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Unique ID Code: 0000103955
Added by: Jitendar Canth
Added on: 8/6/2008 17:13
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    Why Don't You Go To The Cinema Anymore?

    Something odd happened to me recently, I found myself in a cinema for the first time in around three years. It was the Indiana Jones movie that finally tempted me back, but I got to thinking about how I had come to this pass. After all, once upon a time I was an inveterate cinemagoer. Nary a week would go by without me worshipping at the temple of the silver screen, but now I find my celluloid thrills digitised, compressed onto a 12 cm disc, and played back at my convenience, with a useful pause button for tea breaks. It appears that I am not the only one, as I often hear the cinema experience criticised as inferior to what a decent home cinema set up can deliver. Why is this?

    The complaints are myriad, ranging from poor sound quality, poor projection, to horrible audiences and cramped seats. Which is all nonsense of course. I still feel that even today, the largest plasma television and decibel shattering high definition home theatre set-up is no competition for watching a film projected on a 50ft high screen. With digital projection technology, image quality is far more consistent, and even in older screens, poor projection can be quickly sorted by a boot to the projectionist. Occasionally it's more fun to watch which audience member will crack first, than it is to watch the movie. Somewhere along the way, we've forgotten how to be audiences and turned into grumpy old geeks. Watching a comedy is nowhere near as much fun by your lonesome in front of an HD telly, as it is among a couple of hundred like minded aficionados in a cinema. A theatre full of people all laughing at the same joke can be a transcendental experience. It can generate positive feedback that makes the film even more enjoyable.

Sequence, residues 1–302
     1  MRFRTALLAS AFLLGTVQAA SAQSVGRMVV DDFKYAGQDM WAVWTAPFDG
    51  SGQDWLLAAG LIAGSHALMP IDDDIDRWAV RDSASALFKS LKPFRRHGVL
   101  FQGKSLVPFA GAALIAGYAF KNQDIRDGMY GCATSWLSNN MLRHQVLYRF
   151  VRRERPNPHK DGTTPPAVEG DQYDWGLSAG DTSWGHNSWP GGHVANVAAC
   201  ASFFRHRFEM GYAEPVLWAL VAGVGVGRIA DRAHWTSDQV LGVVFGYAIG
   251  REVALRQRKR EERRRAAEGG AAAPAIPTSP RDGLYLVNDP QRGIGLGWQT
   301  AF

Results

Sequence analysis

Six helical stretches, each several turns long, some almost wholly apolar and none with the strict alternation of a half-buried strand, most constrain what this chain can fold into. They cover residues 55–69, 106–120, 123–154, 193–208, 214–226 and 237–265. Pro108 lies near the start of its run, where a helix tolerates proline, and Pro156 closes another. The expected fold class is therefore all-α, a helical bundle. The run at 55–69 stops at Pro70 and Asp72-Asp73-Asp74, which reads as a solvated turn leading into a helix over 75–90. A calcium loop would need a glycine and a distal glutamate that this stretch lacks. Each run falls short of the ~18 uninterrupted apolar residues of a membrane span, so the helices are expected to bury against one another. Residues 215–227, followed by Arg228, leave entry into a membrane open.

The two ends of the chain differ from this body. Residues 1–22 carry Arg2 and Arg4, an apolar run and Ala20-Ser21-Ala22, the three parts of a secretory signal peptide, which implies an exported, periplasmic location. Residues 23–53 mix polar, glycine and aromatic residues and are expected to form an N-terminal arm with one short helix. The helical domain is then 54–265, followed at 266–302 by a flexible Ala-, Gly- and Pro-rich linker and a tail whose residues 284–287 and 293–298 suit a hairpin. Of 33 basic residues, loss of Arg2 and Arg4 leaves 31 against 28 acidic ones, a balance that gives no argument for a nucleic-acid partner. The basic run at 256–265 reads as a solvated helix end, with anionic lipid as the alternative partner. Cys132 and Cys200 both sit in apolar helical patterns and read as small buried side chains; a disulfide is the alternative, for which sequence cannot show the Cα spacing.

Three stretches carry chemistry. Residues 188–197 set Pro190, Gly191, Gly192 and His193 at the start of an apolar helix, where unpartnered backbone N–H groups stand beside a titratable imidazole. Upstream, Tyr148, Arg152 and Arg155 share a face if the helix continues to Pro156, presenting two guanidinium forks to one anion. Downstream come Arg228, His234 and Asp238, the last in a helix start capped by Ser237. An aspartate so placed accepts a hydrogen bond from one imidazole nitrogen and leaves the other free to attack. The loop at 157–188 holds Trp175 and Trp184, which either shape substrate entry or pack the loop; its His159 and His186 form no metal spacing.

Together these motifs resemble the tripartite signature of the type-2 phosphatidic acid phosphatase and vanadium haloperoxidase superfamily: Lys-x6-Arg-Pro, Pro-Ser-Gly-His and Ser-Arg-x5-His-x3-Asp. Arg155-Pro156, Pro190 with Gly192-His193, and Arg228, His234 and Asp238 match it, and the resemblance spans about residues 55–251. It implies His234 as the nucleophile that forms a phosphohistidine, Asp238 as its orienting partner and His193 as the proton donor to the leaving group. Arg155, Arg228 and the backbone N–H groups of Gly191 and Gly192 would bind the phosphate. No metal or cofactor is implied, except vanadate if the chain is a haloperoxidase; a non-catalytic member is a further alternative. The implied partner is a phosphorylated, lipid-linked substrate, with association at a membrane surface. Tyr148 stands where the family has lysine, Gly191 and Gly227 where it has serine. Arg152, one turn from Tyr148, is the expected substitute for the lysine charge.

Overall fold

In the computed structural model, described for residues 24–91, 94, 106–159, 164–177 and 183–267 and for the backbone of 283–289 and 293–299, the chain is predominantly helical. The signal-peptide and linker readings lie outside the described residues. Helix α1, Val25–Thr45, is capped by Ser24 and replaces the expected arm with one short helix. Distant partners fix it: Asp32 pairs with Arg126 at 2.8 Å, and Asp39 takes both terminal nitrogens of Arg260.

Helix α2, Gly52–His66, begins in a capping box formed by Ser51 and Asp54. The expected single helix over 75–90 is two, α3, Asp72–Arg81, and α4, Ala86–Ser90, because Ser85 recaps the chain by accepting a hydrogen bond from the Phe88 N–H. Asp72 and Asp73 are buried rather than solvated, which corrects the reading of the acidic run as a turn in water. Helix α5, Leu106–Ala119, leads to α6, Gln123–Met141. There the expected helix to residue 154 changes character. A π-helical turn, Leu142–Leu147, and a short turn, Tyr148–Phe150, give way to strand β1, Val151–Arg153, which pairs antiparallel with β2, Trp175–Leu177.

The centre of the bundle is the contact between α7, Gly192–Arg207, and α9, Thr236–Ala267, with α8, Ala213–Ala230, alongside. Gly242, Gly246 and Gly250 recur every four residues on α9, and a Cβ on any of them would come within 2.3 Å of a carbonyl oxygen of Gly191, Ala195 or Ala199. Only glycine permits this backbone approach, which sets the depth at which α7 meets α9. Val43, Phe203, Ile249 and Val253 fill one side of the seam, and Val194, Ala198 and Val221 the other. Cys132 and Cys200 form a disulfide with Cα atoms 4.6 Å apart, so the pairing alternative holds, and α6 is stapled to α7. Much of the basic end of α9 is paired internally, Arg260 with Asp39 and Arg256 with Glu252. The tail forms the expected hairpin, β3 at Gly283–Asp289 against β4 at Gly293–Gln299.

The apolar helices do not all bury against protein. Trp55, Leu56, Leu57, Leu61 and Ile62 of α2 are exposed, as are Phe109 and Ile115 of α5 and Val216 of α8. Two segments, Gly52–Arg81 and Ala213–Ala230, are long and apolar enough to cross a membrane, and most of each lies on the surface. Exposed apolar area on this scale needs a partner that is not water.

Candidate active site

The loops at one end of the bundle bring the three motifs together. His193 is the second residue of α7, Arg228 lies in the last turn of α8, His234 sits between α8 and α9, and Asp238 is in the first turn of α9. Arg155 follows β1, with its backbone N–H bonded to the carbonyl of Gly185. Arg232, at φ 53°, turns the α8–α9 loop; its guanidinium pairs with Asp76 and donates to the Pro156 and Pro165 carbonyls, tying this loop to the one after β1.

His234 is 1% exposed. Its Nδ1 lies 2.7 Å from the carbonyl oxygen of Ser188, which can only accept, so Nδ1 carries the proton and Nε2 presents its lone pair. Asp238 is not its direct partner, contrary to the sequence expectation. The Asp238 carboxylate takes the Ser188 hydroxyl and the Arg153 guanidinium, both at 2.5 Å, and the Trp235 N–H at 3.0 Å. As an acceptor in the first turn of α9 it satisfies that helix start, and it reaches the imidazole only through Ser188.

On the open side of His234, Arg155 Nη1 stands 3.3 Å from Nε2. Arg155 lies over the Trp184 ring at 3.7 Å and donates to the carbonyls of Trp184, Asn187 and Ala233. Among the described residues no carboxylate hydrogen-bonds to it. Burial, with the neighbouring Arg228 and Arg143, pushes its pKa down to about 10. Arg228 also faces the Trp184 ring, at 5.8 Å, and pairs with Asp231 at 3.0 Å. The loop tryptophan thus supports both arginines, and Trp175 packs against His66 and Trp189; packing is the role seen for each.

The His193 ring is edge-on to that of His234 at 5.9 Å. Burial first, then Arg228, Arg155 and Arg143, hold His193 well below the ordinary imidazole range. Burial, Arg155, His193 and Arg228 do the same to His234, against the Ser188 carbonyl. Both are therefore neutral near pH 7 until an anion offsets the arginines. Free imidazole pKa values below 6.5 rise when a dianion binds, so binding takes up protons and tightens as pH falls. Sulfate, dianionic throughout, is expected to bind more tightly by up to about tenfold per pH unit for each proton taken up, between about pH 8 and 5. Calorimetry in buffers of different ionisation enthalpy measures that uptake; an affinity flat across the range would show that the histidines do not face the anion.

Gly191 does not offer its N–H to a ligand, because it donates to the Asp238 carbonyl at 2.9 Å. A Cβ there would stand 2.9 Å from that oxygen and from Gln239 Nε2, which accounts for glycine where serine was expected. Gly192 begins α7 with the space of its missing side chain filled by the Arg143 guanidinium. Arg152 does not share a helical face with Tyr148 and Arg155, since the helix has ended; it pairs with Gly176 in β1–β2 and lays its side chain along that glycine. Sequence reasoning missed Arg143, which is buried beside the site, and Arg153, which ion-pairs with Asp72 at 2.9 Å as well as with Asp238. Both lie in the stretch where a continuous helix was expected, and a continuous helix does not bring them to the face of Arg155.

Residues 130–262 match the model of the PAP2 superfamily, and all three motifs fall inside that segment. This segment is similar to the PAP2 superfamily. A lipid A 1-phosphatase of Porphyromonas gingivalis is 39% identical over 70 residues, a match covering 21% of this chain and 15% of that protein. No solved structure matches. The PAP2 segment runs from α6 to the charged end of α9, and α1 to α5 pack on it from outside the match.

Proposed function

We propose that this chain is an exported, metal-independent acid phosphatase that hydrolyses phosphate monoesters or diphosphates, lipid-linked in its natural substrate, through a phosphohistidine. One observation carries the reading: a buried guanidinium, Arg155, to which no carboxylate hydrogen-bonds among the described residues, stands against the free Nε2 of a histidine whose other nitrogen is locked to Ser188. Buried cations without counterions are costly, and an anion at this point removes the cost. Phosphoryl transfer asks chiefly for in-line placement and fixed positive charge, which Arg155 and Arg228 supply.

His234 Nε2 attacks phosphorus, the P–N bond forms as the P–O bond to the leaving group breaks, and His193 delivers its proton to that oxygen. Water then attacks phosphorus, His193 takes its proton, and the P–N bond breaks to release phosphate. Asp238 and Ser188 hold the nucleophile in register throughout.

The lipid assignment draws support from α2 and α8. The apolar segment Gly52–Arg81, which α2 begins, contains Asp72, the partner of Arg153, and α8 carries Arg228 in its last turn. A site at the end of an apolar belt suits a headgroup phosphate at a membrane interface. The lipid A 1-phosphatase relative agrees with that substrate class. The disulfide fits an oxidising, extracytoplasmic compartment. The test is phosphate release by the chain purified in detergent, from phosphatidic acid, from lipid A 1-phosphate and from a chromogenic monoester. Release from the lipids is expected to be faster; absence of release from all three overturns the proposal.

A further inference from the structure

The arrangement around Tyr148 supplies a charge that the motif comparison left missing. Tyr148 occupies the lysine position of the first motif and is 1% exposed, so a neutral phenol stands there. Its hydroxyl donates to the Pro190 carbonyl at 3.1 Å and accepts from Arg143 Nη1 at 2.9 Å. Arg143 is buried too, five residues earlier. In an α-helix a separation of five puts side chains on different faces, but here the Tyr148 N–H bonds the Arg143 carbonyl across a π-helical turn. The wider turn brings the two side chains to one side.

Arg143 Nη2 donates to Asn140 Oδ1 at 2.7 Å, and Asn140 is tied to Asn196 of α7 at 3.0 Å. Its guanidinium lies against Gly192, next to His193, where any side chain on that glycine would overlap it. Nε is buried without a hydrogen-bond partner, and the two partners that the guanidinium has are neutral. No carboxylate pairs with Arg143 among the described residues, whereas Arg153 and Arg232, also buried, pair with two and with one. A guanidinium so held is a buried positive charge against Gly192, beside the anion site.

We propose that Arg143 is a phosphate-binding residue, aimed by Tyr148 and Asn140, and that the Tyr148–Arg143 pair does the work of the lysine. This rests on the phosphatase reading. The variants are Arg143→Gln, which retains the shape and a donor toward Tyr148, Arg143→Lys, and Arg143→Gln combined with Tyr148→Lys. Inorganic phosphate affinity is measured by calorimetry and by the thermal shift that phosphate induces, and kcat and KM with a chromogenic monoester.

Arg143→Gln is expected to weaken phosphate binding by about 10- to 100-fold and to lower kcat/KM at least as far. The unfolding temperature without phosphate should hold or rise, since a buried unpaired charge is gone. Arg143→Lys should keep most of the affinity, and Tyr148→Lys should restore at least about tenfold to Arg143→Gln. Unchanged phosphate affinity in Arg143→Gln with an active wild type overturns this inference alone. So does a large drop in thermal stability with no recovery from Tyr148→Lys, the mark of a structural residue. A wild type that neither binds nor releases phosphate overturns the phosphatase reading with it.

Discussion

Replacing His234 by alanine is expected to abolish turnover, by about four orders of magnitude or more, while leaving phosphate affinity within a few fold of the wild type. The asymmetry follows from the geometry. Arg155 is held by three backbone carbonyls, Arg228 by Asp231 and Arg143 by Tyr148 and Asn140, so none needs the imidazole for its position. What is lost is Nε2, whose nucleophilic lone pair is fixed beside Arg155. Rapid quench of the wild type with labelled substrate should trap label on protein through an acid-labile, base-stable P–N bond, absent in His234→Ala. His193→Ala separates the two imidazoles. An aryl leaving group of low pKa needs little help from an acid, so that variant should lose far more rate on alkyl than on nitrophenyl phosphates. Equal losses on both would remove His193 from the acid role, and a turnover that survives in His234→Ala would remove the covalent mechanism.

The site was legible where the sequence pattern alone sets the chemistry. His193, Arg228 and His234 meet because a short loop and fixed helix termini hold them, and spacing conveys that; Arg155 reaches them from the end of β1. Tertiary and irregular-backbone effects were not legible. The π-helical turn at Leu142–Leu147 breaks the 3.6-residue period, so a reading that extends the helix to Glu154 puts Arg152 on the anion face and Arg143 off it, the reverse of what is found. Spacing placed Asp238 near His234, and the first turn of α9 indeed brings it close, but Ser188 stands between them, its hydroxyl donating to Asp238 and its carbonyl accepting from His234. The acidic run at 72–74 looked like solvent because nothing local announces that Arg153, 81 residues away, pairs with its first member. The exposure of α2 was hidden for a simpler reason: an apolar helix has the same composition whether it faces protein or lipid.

And that's what home theatre can't replicate, experience. Going to the cinema used to be a memorable experience, and still is sometimes. I can remember watching movies at the cinema, in a way that is utterly ephemeral on television. Sometimes there are bad experiences, though certainly not to the extent that is reported on forums. It's almost turned into an urban myth, the louts in the audience. Ok, I've never been able to watch Goldeneye with equanimity, since my first viewing was punctuated by my seat being frequently kicked by the chav larva in the seat behind, but I also remember watching Star Trek IV, before they banned smoking in my local cinema, and the odd impression I had of smoke drifting up Spock's nostrils (I swear they twitched). The same cinema, which is now an evangelist church, had to compete to stay open in the late eighties and early nineties, and did so by creating a second screen under the stalls of the main screen. It was a tiny thing, barely 8 metres across, and had stereo sound that rivalled my TV. It was also the screen that holds my most memorable cinema experience ever. It was a late night showing of Pulp Fiction, watched by a packed capacity of around eighty. We went in as strangers, and after three hours of that film, we came out of that theatre an audience. Sharing that film gave us something in common, made us comfortable with each other, it broke down the boundaries that we usually erect to keep strangers from our personal space.